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Ball Clay

A rare rock you’ll find on your dinner table.

What is Ball Clay?

Ball clays are kaolinitic sedimentary clays that commonly consist of 20–80 percent kaolinite, 10–25 percent mica, and 6–65 percent quartz, along with small amounts of organic matter.

Ball clays are fine-grained, highly plastic clays, which are principally used in the manufacture of ceramic whiteware and sanitaryware where they are appreciated for their plasticity, unfired strength and their light colour on firing. Selected clays can even give pure white end products.

Among others, ball clays are also used in refractories, in polymers, in adhesives and sealants and in horticulture as soil amendments.

The name “ball clay” is derived from its early extraction methods in 18th century England when it was dug by spade as cubes, which then became rounded during subsequent transport.

Today, ball clay is extracted using hydraulic excavators, working at “benches” cut into the quarry to access the seams of clay. Individual raw clay selections are carefully blended according to pre-determined recipes to yield a product with a consistent and predictable range of characteristics and behavior. The first stage in processing is then to shred (or “kibble”) the blended clay into smaller, more regular lumps about the size of a golf ball. Much blended clay is sold in this shredded form.

Further processing through drying and grinding yields powdered ball clays, and treatment by calcination produces “chamotte” or “grog,” calcined clay containing a high proportion of silica and alumina. Ceramics manufacturers (particularly in the sanitary ware sector) have also benefited from the development of refined ball clays and chamottes which offer improved performance and reduced manufacturing process costs. Refined clays are available in “noodled” and slurried form.

  • The use of ball clay in ceramics dates back at least to Roman times.
  • Today’s common practice of shredding ball clay for commercial use originated in the 1930s using mobile turnip-cutting machines.

Where to Find Ball Clay

Uses for Ball Clay

Ceramics Ball clays form a vital component in ceramic manufacturing. Used with kaolin, which has limited plastic properties, ball clay provides the cohesion and workability necessary for the creation of ceramic parts. As a result of their sedimentary origin, raw ball clays have a wide range of colors. Many of them are valued by the ceramics industry for their white-firing properties, which are determined by the amount of metallic oxides within the clay.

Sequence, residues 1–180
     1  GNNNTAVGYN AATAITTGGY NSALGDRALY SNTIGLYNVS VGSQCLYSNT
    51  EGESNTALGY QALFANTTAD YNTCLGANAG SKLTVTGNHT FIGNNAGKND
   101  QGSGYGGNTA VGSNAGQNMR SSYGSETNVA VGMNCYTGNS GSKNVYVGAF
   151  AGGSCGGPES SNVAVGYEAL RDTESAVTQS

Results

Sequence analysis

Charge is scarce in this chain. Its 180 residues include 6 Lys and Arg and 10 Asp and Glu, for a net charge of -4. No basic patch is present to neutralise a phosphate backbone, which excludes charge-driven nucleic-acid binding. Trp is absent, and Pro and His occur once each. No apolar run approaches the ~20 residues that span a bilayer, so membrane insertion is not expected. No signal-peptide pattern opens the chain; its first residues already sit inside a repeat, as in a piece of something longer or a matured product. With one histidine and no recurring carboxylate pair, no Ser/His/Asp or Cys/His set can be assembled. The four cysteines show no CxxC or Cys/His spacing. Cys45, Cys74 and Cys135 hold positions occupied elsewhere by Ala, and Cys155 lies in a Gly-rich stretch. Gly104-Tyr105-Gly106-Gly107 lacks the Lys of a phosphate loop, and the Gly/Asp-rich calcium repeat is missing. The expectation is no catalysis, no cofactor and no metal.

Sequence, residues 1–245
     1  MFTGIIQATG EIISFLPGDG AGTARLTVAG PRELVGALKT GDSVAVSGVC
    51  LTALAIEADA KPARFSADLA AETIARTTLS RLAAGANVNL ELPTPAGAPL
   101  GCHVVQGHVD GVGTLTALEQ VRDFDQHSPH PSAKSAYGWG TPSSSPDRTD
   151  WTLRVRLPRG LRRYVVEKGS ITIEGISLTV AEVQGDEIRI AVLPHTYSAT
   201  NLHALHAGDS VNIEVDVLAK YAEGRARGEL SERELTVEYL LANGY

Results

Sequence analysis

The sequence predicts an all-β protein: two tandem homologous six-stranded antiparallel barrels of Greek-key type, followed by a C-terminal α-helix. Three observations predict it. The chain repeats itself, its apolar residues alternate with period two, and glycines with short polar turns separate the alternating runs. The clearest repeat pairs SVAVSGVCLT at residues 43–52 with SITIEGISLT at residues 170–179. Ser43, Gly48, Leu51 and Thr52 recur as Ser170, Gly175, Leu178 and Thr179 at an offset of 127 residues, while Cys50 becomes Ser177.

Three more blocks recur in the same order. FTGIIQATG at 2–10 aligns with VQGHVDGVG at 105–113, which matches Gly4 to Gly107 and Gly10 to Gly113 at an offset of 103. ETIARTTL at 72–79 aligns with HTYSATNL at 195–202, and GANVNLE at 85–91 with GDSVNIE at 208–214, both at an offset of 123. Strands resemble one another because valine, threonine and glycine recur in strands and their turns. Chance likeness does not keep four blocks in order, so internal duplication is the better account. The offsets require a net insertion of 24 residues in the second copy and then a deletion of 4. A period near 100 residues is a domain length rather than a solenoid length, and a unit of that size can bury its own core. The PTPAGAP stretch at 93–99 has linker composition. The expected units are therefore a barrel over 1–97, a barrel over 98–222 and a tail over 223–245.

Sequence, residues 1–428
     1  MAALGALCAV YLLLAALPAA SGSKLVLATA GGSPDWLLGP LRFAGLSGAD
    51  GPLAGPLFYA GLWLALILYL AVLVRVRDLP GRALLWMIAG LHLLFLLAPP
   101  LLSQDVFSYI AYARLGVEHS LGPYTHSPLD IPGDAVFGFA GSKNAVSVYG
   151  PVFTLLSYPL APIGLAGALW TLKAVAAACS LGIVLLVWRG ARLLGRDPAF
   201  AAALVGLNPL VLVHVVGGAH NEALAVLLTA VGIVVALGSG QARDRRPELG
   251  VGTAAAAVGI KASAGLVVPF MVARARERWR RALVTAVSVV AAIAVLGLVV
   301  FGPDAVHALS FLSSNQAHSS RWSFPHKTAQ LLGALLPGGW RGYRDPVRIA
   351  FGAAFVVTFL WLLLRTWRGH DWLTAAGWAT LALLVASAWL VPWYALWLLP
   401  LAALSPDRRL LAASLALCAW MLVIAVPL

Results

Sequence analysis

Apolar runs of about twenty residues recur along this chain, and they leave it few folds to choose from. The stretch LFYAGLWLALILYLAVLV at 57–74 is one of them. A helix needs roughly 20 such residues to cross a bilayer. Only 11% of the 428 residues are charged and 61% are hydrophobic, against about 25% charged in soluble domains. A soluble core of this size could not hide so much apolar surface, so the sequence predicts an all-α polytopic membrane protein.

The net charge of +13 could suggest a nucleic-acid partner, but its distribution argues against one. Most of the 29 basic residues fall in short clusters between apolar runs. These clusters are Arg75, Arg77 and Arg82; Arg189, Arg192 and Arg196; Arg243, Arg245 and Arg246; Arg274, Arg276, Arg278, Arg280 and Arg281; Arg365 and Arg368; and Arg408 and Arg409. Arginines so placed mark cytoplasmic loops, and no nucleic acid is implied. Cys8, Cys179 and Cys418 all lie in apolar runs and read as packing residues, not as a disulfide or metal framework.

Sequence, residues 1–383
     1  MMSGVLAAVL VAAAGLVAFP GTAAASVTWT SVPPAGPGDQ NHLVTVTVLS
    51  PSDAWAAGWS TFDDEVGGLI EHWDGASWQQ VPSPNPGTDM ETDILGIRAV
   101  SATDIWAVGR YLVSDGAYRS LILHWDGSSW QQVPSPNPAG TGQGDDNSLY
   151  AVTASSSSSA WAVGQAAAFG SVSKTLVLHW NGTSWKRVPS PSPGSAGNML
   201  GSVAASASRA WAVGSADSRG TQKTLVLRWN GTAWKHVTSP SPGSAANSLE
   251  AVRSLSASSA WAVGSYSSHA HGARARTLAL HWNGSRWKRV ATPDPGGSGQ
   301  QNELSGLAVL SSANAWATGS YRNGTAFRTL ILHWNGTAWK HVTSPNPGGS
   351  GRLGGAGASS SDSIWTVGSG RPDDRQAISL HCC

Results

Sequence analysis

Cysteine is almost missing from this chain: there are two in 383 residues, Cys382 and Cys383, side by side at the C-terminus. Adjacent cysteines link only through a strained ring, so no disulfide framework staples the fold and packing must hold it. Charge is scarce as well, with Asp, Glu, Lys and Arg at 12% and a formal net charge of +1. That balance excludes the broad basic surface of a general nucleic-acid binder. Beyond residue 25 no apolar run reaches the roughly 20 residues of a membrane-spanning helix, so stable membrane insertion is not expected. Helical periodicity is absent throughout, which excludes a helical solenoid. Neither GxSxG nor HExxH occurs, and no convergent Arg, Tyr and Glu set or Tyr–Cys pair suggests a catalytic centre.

Soil Amendments & Hydroponics Added to soil, ball clay pellets increase water retention and drainage. In hydroponics, they keep plants hydrated while saving water.
Sanitary Ware Sanitary ware typically includes chamotte and ball clay as essential components, with the ball clay providing plasticity and workability. In addition, sanitary ware includes kaolin, feldspar, and quartz.
Tableware Ceramic tableware uses ball clay combined with kaolin, feldspar, and quartz to provide high plasticity and a good, white-fired color.
Wall and Floor Tiles Again, combined with feldspar, kaolin and quartz, ball clays are used for their plasticity and bonding properties.
Glazes Plastic clays are also used in the production of coatings for ceramic products to ensure the perfect finish.
Refractory Clays The ability to resist the effects of extremely high temperatures makes ball clay and chamotte ideal for use in refractory products, such as kiln insulation and furniture.
Construction Ceramics Building materials, such as bricks, clay pipes, roof tiles, and pavement sealers, all contain ball clay.
Electrical Porcelain Insulators You will find ball clays in the electrical porcelain components that provide insulation from high-voltage currents.
Chemical Applications Ball clays are used as fine fillers and extenders in polymers, adhesives, plastics, fertilizers, and insecticides.
Sealants Ball clays are also widely used for lining landfill waste disposal sites and for sealing over them once completed.

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